peremptory challenge

noun

Definition of peremptory challenge

: a challenge (as of a juror) made as of right without assigning any cause

Examples of peremptory challenge in a Sentence

Recent Examples on the Web Throughout the voir dire process, prosecutors and defense attorneys have 20 peremptory challenges, meaning each side can dismiss up to 20 potential jurists without providing a reason for doing so. Jean Casarez, CNN, "A woman writing a novel about 'predatory older men' has been seated on the Harvey Weinstein jury," 18 Jan. 2020 Aidala used up the defense’s 20th and last peremptory challenge by 11 a.m., meaning the team could no longer cut people without providing justification. Washington Post, "12 jurors picked to hear sex-assault charges against Harvey Weinstein," 17 Jan. 2020 At issue are peremptory challenges, which lawyers can use to dismiss a limited number of prospective jurors without having to state a reason. Bob Egelko, SFChronicle.com, "Calif. Supreme Court wants panel to tackle racial discrimination in jury selection," 29 Jan. 2020 Weinstein’s lawyers had run out of peremptory challenges (i.e., jurors who are stricken at the discretion of the two legal teams, rather than for cause) by the time the juror in question was examined. Andrew C. Mccarthy, National Review, "Making Sense of the Harvey Weinstein Verdict," 24 Feb. 2020 The California Supreme Court outlawed intentional racial discrimination in peremptory challenges in 1978, and the U.S. Supreme Court issued a similar ruling for courts nationwide in 1986. Bob Egelko, SFChronicle.com, "Calif. Supreme Court wants panel to tackle racial discrimination in jury selection," 29 Jan. 2020 Jurors were excused from the courtroom and Burke denied the defense's request to grant them an additional peremptory challenge. Jean Casarez, CNN, "A woman writing a novel about 'predatory older men' has been seated on the Harvey Weinstein jury," 18 Jan. 2020 The lawsuit, filed in federal court in Greenville, asks U.S. District Judge Debra Brown to permanently order Evans and his assistants to stop using peremptory challenges to remove African American jurors because of their race. CBS News, "Lawsuit seeks to prevent prosecutor from keeping blacks off juries," 19 Nov. 2019 Normally each side would have one peremptory challenge. Andrew Dyer, San Diego Union-Tribune, "Jury selection begins in Navy SEAL war crimes trial," 17 June 2019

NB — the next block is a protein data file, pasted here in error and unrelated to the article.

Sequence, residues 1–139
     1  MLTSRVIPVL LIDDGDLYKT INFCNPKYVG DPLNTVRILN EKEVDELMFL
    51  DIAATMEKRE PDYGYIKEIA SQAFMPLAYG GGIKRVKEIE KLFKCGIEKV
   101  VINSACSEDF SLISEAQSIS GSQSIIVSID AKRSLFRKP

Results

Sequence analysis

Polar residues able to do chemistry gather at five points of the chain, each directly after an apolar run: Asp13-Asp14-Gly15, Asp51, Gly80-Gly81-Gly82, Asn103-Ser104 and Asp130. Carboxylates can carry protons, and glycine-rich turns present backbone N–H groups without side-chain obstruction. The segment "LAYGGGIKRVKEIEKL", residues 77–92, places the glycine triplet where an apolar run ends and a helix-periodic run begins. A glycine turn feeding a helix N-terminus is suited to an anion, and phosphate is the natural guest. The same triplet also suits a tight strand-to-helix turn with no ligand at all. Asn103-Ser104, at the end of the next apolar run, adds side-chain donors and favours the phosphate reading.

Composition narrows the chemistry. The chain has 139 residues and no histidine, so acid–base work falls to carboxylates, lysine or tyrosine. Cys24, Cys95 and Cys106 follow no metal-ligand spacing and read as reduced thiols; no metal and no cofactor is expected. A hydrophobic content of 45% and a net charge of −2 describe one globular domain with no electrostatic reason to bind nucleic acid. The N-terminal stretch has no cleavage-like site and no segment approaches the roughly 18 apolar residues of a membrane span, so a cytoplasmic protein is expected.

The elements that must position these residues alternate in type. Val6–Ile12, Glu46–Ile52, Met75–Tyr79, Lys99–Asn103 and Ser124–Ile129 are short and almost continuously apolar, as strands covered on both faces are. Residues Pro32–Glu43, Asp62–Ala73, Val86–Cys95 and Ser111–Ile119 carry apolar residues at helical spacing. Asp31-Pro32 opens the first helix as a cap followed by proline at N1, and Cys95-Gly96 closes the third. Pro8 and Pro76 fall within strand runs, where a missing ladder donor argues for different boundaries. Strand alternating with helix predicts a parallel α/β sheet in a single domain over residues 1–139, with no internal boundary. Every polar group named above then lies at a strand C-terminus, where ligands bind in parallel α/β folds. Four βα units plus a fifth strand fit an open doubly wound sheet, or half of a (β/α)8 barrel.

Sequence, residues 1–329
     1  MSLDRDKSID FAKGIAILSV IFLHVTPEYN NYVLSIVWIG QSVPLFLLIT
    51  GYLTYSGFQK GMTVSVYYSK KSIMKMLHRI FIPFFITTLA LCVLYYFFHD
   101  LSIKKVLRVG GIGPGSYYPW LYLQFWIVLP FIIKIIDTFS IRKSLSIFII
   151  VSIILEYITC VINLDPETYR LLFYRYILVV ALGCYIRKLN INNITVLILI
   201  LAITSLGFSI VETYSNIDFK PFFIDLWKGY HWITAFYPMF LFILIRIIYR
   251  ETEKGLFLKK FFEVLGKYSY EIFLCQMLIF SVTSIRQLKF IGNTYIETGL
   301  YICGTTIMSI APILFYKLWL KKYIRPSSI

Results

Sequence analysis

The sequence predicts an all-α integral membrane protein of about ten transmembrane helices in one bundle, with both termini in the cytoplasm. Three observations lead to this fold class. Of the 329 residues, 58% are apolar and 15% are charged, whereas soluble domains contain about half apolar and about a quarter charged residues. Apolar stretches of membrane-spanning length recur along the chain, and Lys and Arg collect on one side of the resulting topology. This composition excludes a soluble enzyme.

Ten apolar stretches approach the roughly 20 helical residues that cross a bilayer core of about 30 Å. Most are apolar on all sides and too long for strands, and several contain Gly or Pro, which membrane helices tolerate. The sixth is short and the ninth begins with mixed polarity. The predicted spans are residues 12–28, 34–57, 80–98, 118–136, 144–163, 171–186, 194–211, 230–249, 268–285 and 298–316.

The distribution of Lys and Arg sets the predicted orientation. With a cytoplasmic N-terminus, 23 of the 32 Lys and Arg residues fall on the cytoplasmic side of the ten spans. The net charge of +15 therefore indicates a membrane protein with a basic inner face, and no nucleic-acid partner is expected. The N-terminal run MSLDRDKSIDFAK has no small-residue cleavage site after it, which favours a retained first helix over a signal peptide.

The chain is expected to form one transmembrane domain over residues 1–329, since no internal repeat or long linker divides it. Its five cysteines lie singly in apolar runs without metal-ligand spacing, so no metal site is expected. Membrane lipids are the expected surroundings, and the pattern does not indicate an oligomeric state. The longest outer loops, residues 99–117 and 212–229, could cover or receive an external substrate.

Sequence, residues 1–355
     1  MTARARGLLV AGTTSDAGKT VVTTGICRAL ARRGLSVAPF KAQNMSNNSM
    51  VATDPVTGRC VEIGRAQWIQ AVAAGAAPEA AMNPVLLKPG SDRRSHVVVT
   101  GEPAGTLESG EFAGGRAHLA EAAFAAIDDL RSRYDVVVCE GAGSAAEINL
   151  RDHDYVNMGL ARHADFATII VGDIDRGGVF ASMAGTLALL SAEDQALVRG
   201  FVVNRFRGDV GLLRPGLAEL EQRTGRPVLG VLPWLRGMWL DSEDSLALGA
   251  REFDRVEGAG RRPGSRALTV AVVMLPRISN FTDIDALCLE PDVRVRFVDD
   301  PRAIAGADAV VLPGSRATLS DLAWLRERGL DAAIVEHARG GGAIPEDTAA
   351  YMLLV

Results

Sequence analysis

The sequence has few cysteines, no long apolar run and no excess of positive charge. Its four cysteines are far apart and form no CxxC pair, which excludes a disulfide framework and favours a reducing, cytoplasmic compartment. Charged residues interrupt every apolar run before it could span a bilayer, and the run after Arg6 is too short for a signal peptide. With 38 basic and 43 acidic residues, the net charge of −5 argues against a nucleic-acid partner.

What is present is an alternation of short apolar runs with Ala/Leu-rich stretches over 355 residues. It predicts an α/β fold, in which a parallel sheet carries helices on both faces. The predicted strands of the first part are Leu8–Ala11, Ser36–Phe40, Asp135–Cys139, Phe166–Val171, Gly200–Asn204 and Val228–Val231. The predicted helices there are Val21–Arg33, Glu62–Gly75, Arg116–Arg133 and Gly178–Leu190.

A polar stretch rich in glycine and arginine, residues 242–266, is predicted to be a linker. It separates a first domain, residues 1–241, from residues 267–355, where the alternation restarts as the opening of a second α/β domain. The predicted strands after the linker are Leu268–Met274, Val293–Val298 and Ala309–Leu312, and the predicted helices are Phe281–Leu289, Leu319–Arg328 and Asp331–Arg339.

These example sentences are selected automatically from various online news sources to reflect current usage of the word 'peremptory challenge.' Views expressed in the examples do not represent the opinion of Merriam-Webster or its editors. Send us feedback.

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First Known Use of peremptory challenge

1530, in the meaning defined above

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The first known use of peremptory challenge was in 1530

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Cite this Entry

“Peremptory challenge.” Merriam-Webster.com Dictionary, Merriam-Webster, https://www.merriam-webster.com/dictionary/peremptory%20challenge. Accessed 21 Sep. 2020.

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More Definitions for peremptory challenge

peremptory challenge

Legal Definition of peremptory challenge

see challenge

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